15

Stepper motors are often pricey for a large motor. However, with a powerful, standard DC motor and a rotary encoder, you can "simulate" a stepper motor. How accurate are rotary encoders with Arduino just with a basic loop and not much other code? Is it going to "miss a pulse" and not record enough rotation often? How can I handle this with much more code? Is there a better way to do this? Would interrupts help? Is there some sort of circuit that would help with this problem?

Note: It will probably not exceed 4 rotations a second... (That may be a lot but if you're doing a lead screw type mechanism that would only be 24 inches a minute if there is 10 rotations per inch of linear motion.)

  • I've used rotary encoders that refused to work properly when spinned fast. I guess it varies with price. – jippie Mar 4 '14 at 6:10
10

Interrupts are what you would use in this situation.

The rates that you have mentioned are slow enough where you probably would be able to count it inside of a loop, however this is not recommended, as a typical loop will take many clock cycles to complete, and depending on the number of instuctiuons per loop, you may miss some counts.

Interrupts are made for this purpose, as they can be triggered at any time, regardless of the state of the loop.

There is a function named attachInterrupt() which will take three arguments.

  1. Interrupt Pin
  2. Interrupt Service Routine
  3. Mode

Below is an example for counting an interrupt

volatile int myCounter = 0;

void setup(){
    attachInterrupt(0, count, RISING);
}

void count(){
    myCounter++;
}

The Modes are as follows:

LOW, CHANGE, RISING, FALLING

More information about using interrupts can be found here.

Depending on the encoder you use, you will need to tailor the code your needs, and do some more calculations to determine your position, but this should be a good starting point.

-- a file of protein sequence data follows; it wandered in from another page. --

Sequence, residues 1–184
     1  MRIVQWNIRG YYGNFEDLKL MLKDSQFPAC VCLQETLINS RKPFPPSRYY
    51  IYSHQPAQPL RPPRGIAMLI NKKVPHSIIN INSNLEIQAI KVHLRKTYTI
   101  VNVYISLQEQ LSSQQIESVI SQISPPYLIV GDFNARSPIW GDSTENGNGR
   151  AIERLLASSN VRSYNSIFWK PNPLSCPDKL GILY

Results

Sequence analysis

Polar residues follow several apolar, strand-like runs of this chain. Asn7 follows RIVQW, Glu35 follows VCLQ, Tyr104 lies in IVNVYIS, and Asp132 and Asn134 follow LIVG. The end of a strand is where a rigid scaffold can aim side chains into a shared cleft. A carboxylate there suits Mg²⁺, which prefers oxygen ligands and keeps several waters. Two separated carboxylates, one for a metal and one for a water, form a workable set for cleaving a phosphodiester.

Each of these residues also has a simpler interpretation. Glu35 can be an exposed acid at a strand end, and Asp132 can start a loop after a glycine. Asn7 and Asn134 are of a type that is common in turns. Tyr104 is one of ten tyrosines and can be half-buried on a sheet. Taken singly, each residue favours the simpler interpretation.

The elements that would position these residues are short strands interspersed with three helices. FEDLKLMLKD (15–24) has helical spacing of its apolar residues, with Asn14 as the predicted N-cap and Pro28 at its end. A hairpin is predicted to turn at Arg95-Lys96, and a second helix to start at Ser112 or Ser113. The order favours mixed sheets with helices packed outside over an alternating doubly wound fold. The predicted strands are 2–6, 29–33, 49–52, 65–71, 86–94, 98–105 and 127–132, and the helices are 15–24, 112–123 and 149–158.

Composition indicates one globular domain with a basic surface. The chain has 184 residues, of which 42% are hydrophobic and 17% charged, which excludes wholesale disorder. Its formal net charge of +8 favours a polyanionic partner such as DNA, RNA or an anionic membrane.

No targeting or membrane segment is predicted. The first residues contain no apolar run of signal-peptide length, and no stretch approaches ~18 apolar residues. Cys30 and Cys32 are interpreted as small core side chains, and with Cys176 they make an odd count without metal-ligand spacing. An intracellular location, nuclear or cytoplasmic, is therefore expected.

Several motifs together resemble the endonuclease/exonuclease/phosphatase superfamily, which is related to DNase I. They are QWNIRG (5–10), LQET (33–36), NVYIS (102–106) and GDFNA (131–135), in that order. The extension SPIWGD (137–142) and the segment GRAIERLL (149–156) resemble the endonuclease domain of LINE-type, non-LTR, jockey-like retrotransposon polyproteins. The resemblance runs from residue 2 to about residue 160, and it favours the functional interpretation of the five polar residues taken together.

Edit Here is some example code from Arduino Sandbox for using a rotary encoder.

  • 1
    An interrupt driven edge detector on a Duemilanove easily handles 100 edges per second (6500rpm on a motor). – Wayfaring Stranger Mar 4 '14 at 23:31
  • @WayfaringStranger So then there's no problem on an Uno, then. Thanks! – Anonymous Penguin Mar 5 '14 at 2:02
  • 1
    @AnnonomusPerson - How much work are you willing to put in? If you go naked (ISR_NAKED()), you can skip the automatic C context saving, and pull off 100-500 Khz interrupt rates without issue, but you're basically writing assembly in C at that point. – Connor Wolf Mar 5 '14 at 9:01
  • 1
    If you want a completely banannas document about optimizing the absolute crap out of interrupt response, look here. Placing code directly in the interrupt table to further reduce interrupt latency! – Connor Wolf Mar 5 '14 at 9:07
  • 1
    Also, note that if you're going for low-latency interrupts, the arduino attachInterrupt function injects a whole additional function-call overhead versus using the interrupt ISR() directly. – Connor Wolf Apr 10 '14 at 2:13
3

Adding some references to already-written libraries and examples, to enable comparison between different approaches, and experiences with speed versus susceptibility to missing steps.

Reading rotary encoders: http://playground.arduino.cc/Main/RotaryEncoders

Quadrature Encoder too Fast for Arduino (with Solution): http://www.hessmer.org/blog/2011/01/30/quadrature-encoder-too-fast-for-arduino/

Teensy Encoder library: https://www.pjrc.com/teensy/td_libs_Encoder.html

Reading rotary encoder on Arduino: http://www.circuitsathome.com/mcu/reading-rotary-encoder-on-arduino/

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